Legislative Assembly for the ACT: 2004 Week 10 Hansard (26 August) . . Page.. 4437..
Mr Quinlan: We did put through some naff resolutions in this place.
MRS DUNNE: No, they were not naff. If we had not put through those naff resolutions, we would not be here today. The government has had a bit of a change of heart. Part of it has been as a result of work of members of this Assembly. I congratulate members for this initiative. But it is only the beginning. It means that there is a lot more work for this government to do between now and the caretaker period. After the election the new government will need to be in tune with the needs of the environment and address many issues such as the quality of our housing and our buildings. That is where we will get the real benefits.
Remainder of bill, as a whole, agreed to.
Bill, as amended, agreed to.
Auditor-General Amendment Bill 2004
MS TUCKER (11.18): Having had time since the adjournment of the debate to understand the effect of the government's amendments, the Greens will not be supporting the amendment to proposed new section 32C (4) and will not be supporting Mr Smyth's amendment to the amendment.
These amendments relate to proposed new section 32C (4), which defines offences for contravening the Auditor-General's direction to prohibit or restrict the disclosure of information relating to a function of the Auditor-General. The former Auditor-General explained his request for this amendment as follows on pages 2 and 3 of his letter to the Chief Minister dated 14 January 2002:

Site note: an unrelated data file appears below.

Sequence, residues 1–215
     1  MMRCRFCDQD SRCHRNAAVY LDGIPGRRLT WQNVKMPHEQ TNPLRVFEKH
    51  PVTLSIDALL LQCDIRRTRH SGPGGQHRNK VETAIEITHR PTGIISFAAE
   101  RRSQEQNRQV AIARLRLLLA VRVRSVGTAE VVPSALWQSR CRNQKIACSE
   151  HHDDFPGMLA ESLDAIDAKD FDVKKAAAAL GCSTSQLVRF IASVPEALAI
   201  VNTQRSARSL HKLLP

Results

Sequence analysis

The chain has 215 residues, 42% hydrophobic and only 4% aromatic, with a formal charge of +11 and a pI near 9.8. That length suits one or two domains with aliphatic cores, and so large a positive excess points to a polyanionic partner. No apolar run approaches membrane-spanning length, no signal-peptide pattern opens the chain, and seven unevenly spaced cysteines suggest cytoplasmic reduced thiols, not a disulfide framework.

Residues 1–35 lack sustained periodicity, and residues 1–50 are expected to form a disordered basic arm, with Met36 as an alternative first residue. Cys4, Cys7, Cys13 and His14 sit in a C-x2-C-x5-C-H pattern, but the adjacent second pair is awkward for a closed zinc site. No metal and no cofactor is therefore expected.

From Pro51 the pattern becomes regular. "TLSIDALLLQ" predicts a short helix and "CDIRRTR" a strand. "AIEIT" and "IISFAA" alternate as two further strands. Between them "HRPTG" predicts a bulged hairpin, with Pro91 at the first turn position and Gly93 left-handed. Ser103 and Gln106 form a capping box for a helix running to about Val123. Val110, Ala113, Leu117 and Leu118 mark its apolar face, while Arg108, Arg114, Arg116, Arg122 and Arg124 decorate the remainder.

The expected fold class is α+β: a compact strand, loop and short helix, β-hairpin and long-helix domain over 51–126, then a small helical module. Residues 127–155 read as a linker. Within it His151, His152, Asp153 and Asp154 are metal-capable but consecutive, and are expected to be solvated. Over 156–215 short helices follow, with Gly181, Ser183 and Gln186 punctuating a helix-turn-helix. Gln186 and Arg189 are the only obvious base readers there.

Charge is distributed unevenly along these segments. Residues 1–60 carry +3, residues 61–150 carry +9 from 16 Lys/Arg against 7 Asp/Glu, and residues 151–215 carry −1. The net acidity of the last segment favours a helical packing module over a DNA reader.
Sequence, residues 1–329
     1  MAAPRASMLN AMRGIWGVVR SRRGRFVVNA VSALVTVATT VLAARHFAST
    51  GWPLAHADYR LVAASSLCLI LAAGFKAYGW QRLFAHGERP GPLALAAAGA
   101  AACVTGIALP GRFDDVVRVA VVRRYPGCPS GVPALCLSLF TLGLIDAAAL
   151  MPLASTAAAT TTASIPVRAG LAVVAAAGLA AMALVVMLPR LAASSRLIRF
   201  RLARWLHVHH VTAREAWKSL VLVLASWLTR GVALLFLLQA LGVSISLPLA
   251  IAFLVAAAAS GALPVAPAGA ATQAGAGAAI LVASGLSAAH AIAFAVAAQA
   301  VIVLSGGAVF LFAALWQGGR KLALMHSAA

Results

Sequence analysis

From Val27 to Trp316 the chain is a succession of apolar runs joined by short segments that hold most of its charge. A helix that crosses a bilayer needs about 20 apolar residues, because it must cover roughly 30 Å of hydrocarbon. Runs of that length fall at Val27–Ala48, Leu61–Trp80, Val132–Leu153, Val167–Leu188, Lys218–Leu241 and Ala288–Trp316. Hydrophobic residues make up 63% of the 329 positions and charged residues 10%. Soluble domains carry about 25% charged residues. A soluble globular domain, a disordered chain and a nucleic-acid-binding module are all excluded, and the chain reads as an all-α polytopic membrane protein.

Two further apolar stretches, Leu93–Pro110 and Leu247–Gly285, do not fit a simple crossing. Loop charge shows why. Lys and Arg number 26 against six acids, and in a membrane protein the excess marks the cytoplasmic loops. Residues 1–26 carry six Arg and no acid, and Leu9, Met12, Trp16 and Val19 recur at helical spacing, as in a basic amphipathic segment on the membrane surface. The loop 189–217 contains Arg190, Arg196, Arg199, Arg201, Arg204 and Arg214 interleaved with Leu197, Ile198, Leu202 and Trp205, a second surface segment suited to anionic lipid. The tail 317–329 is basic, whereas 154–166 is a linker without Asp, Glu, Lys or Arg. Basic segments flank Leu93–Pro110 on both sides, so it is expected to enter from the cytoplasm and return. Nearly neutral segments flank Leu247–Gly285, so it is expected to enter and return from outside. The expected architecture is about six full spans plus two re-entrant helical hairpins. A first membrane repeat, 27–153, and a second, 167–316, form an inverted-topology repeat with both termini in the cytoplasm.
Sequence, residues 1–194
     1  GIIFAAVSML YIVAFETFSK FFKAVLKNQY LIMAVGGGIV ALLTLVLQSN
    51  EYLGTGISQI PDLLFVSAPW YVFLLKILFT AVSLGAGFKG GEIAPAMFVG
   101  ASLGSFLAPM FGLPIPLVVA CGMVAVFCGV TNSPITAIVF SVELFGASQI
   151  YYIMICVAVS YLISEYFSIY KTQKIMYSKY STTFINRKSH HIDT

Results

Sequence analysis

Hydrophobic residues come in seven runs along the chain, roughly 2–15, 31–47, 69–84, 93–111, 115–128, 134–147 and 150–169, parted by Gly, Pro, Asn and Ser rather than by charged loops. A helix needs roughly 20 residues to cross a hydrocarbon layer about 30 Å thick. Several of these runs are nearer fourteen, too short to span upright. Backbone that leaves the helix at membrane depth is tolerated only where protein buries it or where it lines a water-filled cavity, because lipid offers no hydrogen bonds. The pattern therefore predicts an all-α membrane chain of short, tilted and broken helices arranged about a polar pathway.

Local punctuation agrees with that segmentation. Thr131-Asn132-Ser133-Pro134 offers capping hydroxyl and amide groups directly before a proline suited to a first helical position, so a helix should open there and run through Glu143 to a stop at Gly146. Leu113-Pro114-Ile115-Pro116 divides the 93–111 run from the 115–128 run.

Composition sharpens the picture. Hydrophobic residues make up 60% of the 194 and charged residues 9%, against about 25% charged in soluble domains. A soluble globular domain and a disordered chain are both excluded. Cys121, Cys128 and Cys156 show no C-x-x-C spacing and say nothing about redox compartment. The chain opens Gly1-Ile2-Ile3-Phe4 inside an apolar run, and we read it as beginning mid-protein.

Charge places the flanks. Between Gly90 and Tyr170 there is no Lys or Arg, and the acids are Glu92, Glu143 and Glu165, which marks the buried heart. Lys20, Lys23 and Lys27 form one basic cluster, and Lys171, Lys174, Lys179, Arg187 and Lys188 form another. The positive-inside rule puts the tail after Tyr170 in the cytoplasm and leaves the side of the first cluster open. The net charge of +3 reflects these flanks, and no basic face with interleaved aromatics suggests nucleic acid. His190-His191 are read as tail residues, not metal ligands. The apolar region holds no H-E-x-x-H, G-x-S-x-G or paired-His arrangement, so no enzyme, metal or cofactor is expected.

During the course of audits it is common for information to be provided to persons who are not performing a function of the Auditor-General and who are not employed or contracted to the Auditor-General. This is because it is essential to provide information to those persons in order to seek explanations, for natural justice reasons and for third party verification purposes.
To date recipients of such information have been advised that Section 34 of the Act applies to them and that they could be subject to penalty if the information was revealed to others. This advice may be incorrect as the section can reasonably be interpreted as applying only to persons employed by or contracted to the Auditor-General to undertake audits. As a result, the conduct of some future audit could be severely hampered if a recipient of "confidential" information considered that section 34 did not apply to them and as a result made the information available to others.
The main purpose of the government amendment to the bill is to make clear that there are two distinct types of offences-one that applies to a person who actually receives the